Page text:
My immediate concern isn’t whether the science is good or that the criticisms are valid, but certainly if NASA intends to engage with the “public” and not just broadcast to us, they need to respond to these criticisms.  Further, these responses should be in an appropriate manner – a blog post or a comment on Dr. Redfield’s blog. Dr Redfield’s blog is well known and well-respected and she registered the post with ResearchBlogging. Her comments section is also very informative. I agree that NASA shouldn’t necessarily be expected to engage on all fronts with people linking to their work, but as Dobbs says, this blog is different.

Moreover, this paper is being reviewed on many blogs by scientists who are expert in this field and adjacent fields, and has been reviewed on F1000 (some links from Code for Life blog).  If you have a press release on a paper, then you should be prepared to continue the engagement after you have broadcast your message.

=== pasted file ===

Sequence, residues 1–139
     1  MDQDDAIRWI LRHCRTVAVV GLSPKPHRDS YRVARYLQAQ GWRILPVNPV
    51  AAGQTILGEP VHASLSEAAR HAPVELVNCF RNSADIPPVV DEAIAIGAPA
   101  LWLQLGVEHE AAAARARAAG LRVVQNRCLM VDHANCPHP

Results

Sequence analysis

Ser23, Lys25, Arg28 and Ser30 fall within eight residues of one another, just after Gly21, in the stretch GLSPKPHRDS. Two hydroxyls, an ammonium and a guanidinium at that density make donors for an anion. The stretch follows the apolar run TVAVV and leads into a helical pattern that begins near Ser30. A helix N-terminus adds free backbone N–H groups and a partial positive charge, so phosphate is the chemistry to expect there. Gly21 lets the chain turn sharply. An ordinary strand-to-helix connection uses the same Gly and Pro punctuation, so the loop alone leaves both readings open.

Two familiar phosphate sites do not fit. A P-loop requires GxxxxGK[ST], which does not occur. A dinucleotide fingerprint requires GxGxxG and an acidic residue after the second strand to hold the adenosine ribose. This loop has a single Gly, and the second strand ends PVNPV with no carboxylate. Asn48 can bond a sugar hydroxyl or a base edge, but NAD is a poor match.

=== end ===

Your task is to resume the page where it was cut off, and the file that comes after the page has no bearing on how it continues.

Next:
The paper’s author has also stated that replies should be in a “scientific venue.”**  My dear scientist, the web is a scientific venue! Haven’t you heard? This is the #altmetrics or post-publication peer review we’ve been talking about for quite a while.

Interestingly, some of the comments on the original post by Redfield basically indicate that responding on blogs is only for those who don’t have standing or who are not qualified. Grrr. That person needs to be educated! (I do hope that the technical comment or whatever that is eventually sent to Science attributes some credit to the commenters of that thread – a lot of good stuff there).

Update: Randy left a nice comment (thank you) which caused me to go and look at updates on the Guardian site. This caught my eye: